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betty

[bet-ee] /ˈbɛt i/
noun, plural betties.
Origin
1915-1920
1915-20, Americanism; by shortening

Betty

[bet-ee] /ˈbɛt i/
noun
1.
a female given name, form of Elizabeth.

Ford

[fawrd, fohrd] /fɔrd, foʊrd/
noun
1.
Elizabeth Bloomer ("Betty") 1918–2011, U.S. First Lady 1974–77 (wife of Gerald R. Ford).
2.
Ford Madox
[mad-uh ks] /ˈmæd əks/ (Show IPA),
(Ford Madox Hueffer) 1873–1939, English novelist, poet, critic, and editor.
3.
Gerald R(udolph, Jr.) (Leslie Lynch King, Jr) 1913–2006, U.S. political leader: congressman 1948–73; vice president 1973–74; 38th president of the U.S. 1974–77.
4.
Guy Stanton, 1873–1963, U.S. historian, educator, and editor.
5.
Henry, 1863–1947, U.S. automobile manufacturer.
6.
John, 1586?–c1640, English playwright.
7.
John (Sean O'Feeney) 1895–1973, U.S. film director.
8.
a male given name.

Williams

[wil-yuh mz] /ˈwɪl yəmz/
noun
1.
Ben Ames
[eymz] /eɪmz/ (Show IPA),
1889–1953, U.S. novelist and short-story writer.
2.
Bert (Egbert Austin Williams) 1876?–1922, U.S. comedian and songwriter.
3.
Charles Melvin (Cootie) 1910–85, U.S. jazz trumpeter and bandleader.
4.
Daniel Hale, 1858–1931, U.S. surgeon and educator: performed first successful heart surgery 1893.
5.
Elizabeth ("Betty") born 1943, Northern Irish peace activist: Nobel prize 1976.
6.
Emlyn
[em-lin] /ˈɛm lɪn/ (Show IPA),
1905–87, Welsh playwright and actor.
7.
Eric Eustace, 1911–81, Trinidadian politician: first prime minister of Trinidad and Tobago 1962–81.
8.
G. Mennen
[men-uh n] /ˈmɛn ən/ (Show IPA),
1911–88, U.S. politician and diplomat.
9.
Hank, 1923–53, U.S. country-and-western singer, musician, and composer.
10.
John Towner, born 1932, U.S. composer and conductor.
11.
Ralph Vaughan, Vaughan Williams, Ralph.
12.
Roger, 1603?–83, English clergyman in America: founder of Rhode Island colony 1636.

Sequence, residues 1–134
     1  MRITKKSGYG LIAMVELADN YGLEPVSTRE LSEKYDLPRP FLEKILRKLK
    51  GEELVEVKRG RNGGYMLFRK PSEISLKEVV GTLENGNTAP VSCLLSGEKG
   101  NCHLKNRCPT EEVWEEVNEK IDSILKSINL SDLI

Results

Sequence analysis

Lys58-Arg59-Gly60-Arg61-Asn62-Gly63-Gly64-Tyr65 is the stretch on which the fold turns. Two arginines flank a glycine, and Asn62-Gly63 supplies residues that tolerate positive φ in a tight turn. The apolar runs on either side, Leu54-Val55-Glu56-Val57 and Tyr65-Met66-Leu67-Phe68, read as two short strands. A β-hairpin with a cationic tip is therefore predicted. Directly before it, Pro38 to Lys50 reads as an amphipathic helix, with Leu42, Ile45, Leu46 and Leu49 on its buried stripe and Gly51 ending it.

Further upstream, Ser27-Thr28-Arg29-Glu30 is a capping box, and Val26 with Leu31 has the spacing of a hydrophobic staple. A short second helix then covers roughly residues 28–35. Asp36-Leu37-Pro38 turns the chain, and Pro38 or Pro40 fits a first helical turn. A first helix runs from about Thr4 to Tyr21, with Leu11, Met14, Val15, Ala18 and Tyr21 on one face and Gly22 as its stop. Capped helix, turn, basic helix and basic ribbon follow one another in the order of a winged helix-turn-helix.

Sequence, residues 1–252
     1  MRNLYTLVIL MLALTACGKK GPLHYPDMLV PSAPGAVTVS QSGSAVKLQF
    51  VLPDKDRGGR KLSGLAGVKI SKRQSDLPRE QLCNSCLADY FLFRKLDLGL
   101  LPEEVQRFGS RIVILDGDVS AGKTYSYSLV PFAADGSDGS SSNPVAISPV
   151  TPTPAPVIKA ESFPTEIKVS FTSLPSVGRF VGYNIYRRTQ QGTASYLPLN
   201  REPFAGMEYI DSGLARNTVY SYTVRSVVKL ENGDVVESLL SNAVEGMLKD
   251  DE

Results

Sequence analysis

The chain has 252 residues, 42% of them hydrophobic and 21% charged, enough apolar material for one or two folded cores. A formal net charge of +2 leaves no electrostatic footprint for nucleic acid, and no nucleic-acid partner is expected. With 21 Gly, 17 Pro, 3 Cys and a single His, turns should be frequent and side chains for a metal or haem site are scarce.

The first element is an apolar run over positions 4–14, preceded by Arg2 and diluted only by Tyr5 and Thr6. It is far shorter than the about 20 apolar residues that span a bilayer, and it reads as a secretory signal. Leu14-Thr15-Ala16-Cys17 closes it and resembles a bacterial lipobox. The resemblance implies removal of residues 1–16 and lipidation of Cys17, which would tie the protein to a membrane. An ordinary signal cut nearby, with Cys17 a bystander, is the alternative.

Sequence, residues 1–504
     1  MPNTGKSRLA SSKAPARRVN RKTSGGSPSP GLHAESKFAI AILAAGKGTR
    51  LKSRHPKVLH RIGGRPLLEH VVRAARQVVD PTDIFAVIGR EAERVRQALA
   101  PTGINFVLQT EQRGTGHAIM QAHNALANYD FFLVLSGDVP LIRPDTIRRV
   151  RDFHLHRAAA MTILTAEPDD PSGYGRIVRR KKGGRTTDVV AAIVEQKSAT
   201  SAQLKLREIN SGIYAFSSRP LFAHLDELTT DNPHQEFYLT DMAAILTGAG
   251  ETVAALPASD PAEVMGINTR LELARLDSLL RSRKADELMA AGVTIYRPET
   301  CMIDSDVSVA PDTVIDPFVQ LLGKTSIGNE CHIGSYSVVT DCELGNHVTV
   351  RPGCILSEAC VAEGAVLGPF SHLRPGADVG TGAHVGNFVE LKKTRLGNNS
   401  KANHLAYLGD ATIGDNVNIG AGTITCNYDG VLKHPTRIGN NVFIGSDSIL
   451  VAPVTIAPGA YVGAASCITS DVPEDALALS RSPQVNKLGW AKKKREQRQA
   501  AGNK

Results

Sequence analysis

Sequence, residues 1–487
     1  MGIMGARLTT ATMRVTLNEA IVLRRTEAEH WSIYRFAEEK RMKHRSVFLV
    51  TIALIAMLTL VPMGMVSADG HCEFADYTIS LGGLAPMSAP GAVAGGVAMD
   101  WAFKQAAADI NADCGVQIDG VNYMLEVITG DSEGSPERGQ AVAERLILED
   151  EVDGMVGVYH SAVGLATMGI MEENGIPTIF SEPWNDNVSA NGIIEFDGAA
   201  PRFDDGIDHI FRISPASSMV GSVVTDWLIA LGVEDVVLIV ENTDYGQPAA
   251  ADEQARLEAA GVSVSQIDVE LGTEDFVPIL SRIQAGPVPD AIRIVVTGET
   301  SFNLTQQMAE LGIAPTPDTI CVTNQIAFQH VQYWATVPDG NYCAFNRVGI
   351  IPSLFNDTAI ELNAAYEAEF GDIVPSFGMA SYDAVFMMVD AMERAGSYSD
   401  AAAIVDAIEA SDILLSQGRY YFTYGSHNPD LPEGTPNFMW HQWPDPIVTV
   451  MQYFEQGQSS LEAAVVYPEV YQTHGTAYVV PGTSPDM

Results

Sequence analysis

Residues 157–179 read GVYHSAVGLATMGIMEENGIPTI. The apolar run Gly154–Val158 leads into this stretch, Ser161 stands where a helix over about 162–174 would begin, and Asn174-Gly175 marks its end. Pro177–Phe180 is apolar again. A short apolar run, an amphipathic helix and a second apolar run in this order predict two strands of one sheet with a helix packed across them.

13.
Serena, born 1981, U.S. tennis player (sister of Venus Williams).
14.
Tennessee (Thomas Lanier Williams) 1911–83, U.S. dramatist.
15.
Theodore Samuel ("Ted") 1918–2002, U.S. baseball player.
16.
Venus, born 1980, U.S. tennis player (sister of Serena Williams).
17.
William, 1731–1811, U.S. merchant and revolutionary statesman.
18.
William Carlos
[kahr-lohs] /ˈkɑr loʊs/ (Show IPA),
1883–1963, U.S. poet and novelist.
Dictionary.com Unabridged
Based on the Random House Dictionary, © Random House, Inc. 2014.
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Examples from the web for betty
  • Ann miller portrays coco, the landlady who welcomes betty to her wonderful new apartment.
  • betty i must make a skeleton meatier using a crowbar covered in lettuce.
  • In at least one comic book story, betty is identified as a libra.
  • Occasionally, families hire betty to keep their elderly members company.
  • betty boop wore short dresses, high heels, and a garter belt.
British Dictionary definitions for betty

Williams

/ˈwɪljəmz/
noun
1.
Hank, real name Hiram Williams. 1923–53, US country singer and songwriter. His songs (all 1948–52) include "Jambalaya", "Your Cheatin' Heart", and "Why Don't you Love me (like you Used to Do?)"
2.
John. born 1941, Australian classical guitarist, living in Britain
3.
John (Towner). born 1932, US composer of film music; his scores include those for Jaws (1975), Star Wars (1977), E.T. (1982), Schindler's List (1993), Harry Potter and the Philosopher's Stone (2001), and Memoirs of a Geisha (2005)
4.
Ralph Vaughan. See (Ralph) Vaughan Williams
5.
Raymond (Henry). 1921–88, British literary critic and novelist, noted esp for such works as Culture and Society (1958) and The Long Revolution (1961), which offer a socialist analysis of the relationship between society and culture
6.
Robbie, full name Robert Peter Williams. born 1974, British pop singer and songwriter. A member of Take That (1990–95; and from 2010), he found solo success with "Angels" (1997) and the albums Life Thru a Lens (1997), Swing When You're Winning (2001), and Escapology (2002)
7.